Prime Minister Theresa May: Britain Will Leave EU Single Market

Theresa May
Britain's Prime Minister Theresa May delivers a speech on leaving the European Union at Lancaster House in London, January 17. Kirsty Wigglesworth/Reuters

Updated | The British government has confirmed it plans to take the country out of the EU single market after Brexit.

In a speech on Tuesday, Prime Minister Theresa May said that other EU leaders had "said many times" that membership of the single market would mean accepting its "four freedoms;" of goods, services, capital, and people.

Being out of the EU but a member of the single market, May said, "would mean complying with the EU's rules and regulations…without having a vote on what those rules and regulations are.

"It would to all intents and purposes mean not leaving the EU at all.

"So we do not seek membership of the single market. Instead we seek the greatest possible access to it through a new, comprehensive, bold and ambitious Free Trade Agreement."

May was speaking at Lancaster House in central London, in a highly anticipated speech giving details of her planned Brexit negotiating strategy for the first time.

In particular, May reiterated her intention to gain substantial new controls over EU immigration, which European leaders, including German Chancellor Angela Merkel, have suggested would be impossible within the single market.

"Brexit must mean control of the number of people who come to Britain from Europe. And that is what we will deliver," May said.

The prime minister said she wanted to build "a truly global Britain… a great, global trading nation that is respected around the world and strong, confident and united at home."

As such, she said, she also wanted to remove Britain from some aspects of the EU customs union, an area within which European countries apply a uniform system for handling goods and implement a common set of rules. May said she wanted to remove the restrictions that prevent the U.K. negotiating its own trade deals. She plans that the U.K. will not be bound by the EU's Common Commercial Policy and Common External Tariff.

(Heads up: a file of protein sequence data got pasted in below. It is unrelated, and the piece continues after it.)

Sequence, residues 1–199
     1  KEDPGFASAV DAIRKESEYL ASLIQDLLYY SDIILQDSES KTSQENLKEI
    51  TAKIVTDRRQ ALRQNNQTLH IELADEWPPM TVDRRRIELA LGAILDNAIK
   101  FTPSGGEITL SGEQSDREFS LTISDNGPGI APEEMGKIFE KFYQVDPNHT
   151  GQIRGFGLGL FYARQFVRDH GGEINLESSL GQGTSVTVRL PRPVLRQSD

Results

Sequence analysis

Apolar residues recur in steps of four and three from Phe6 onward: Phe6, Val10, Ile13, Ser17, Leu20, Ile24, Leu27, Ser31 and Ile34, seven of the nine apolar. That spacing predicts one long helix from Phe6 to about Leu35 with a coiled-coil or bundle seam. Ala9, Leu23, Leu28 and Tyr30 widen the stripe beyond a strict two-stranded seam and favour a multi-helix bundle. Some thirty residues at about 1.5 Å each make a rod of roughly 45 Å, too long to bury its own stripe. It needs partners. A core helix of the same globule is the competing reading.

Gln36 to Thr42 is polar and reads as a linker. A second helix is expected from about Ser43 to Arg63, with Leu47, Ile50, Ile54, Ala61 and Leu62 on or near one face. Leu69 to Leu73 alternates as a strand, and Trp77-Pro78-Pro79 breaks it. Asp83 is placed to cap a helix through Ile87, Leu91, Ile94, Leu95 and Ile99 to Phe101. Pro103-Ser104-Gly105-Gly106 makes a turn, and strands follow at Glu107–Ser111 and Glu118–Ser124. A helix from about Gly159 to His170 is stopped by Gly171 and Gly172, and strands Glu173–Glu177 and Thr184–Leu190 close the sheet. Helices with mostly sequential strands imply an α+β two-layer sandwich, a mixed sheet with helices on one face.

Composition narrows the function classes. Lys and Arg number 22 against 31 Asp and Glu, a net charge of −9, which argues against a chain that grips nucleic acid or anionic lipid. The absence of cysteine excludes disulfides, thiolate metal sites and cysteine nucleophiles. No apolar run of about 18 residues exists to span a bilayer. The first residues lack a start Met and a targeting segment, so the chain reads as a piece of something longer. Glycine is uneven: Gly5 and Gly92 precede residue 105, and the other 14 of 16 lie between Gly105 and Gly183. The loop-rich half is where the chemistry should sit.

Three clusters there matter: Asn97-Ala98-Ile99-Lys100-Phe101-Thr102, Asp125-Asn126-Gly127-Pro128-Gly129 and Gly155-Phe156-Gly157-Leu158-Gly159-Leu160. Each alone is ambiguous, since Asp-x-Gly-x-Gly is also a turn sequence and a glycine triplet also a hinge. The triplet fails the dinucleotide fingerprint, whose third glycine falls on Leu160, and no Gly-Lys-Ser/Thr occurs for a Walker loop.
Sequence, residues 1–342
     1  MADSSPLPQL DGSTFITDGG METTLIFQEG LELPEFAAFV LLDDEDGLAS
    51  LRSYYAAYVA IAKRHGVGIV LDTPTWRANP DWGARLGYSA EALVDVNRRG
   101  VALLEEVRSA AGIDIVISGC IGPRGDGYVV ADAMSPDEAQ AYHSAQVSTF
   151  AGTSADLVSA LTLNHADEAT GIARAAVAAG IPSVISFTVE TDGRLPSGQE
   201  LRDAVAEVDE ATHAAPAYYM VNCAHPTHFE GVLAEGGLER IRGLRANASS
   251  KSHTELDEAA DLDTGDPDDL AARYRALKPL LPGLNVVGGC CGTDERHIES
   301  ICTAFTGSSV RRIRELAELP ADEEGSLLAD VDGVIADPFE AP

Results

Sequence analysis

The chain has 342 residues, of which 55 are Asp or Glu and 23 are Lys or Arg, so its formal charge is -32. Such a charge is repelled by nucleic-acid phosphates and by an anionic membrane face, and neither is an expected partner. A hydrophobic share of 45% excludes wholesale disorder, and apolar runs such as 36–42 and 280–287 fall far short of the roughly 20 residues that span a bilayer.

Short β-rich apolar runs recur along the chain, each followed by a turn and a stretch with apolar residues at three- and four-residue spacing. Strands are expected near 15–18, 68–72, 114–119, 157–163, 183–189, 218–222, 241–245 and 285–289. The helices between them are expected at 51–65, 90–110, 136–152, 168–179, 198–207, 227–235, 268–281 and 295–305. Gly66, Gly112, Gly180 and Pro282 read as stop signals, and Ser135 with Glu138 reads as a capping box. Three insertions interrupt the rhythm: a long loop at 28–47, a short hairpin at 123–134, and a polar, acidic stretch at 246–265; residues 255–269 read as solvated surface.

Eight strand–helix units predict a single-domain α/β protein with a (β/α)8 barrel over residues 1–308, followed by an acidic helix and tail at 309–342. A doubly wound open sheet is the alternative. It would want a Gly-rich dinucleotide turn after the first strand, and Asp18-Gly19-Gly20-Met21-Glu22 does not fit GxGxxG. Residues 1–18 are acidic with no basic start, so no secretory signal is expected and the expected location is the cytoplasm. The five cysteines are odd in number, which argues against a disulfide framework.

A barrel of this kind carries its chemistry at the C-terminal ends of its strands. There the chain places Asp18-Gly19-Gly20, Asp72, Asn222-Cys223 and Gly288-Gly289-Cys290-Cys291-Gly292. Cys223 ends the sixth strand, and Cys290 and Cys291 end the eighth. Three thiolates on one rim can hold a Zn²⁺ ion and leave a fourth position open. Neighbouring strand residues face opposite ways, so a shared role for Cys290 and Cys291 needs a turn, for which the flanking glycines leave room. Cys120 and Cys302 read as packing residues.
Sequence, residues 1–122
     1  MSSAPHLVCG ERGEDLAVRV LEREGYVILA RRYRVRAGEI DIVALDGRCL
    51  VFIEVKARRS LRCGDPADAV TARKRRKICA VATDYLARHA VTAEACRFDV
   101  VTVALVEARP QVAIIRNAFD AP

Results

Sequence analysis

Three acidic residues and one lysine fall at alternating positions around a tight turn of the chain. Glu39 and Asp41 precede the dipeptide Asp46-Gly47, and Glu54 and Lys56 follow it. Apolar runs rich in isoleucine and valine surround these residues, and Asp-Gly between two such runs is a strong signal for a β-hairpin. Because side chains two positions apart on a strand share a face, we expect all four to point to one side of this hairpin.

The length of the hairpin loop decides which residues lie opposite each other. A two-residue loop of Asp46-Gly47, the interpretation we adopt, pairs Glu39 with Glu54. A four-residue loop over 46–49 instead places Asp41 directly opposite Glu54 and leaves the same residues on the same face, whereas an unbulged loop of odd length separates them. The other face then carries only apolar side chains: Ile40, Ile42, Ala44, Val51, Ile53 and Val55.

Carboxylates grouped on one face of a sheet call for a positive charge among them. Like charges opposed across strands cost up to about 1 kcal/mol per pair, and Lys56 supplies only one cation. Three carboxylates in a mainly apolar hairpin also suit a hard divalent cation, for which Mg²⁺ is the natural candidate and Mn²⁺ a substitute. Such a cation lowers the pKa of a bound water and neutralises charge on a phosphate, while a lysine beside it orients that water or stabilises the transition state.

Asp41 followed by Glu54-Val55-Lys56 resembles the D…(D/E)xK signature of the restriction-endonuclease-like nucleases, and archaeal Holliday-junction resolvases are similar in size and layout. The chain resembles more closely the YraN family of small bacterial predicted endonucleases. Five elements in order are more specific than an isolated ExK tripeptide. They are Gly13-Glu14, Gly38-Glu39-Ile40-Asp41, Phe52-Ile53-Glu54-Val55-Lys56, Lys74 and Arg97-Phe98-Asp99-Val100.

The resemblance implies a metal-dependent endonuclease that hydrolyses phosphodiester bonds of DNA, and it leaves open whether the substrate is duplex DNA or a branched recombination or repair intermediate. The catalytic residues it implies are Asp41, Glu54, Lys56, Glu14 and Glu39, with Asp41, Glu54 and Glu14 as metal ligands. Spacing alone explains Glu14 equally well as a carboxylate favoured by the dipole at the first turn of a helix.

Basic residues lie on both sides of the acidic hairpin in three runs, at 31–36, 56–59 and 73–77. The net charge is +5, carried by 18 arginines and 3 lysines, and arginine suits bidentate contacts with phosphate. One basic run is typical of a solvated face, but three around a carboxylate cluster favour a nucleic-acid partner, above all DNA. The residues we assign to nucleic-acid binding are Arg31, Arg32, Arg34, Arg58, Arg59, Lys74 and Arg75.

However, May said that the government wants to negotiate an ambitious customs agreement with the EU that will allow tariff-free trade. "Whether that means we must reach a completely new customs agreement, become an associate member of the Customs Union in some way, or remain a signatory to some elements of it, I hold no preconceived position," May said.

Many mainstream economists and representatives of major businesses have warned that leaving the single market could have troubling economic consequences for Britain.

May herself, while campaigning for "remain" in the referendum, said that leaving the single market could prove damaging. But asked about this today, she suggested she had changed her view.

"Just look at what has happened [since the referendum]," May said, "What we've actually seen is that all the economic indicators have been more positive than people predicted."

The British Chambers of Commerce issued a lukewarm reaction, stressing that the reality of May's proposed deal was yet to appear. It released a statement saying, "In business, what you achieve in a negotiation, not what you bid for, is what really matters."

But the Institute of Directors business lobby group was more positive about the speech. Allie Renison, head of Europe and Trade Policy, said: "We now know that we will be leaving the single market, and while there will be firms who regret this, they will at least be able to plan on that basis."

"Business leaders will be heartened by the prime minister's strong argument for the value of free trade," Renison continued.

Pro-EU campaigners have emphasized that the ballot paper for the June 23 referendum last year mentioned nothing about the U.K.'s future economic relationship with the EU.

Speaking to the BBC, the pro-EU Liberal Democrat leader Tim Farron said, "This is a theft of democracy, a presumption that the 51.9 percent of people who voted to leave meant the most extreme version of Brexit available."

But prominent Euroskeptic politicians have insisted the spirit of the vote, in which Britons elected to break with the bloc by a margin of 52 percent to 48 percent, was that the U.K. should make a "clean break" with Brussels.

Nigel Farage, the former UKIP leader and a leading campaigner for Brexit, said on Twitter the speech represented "real progress."

"I can hardly believe that the PM is now using the phrases and words that I've been mocked for using for years," he said.

This article has been updated with statements from politicians and business bodies.

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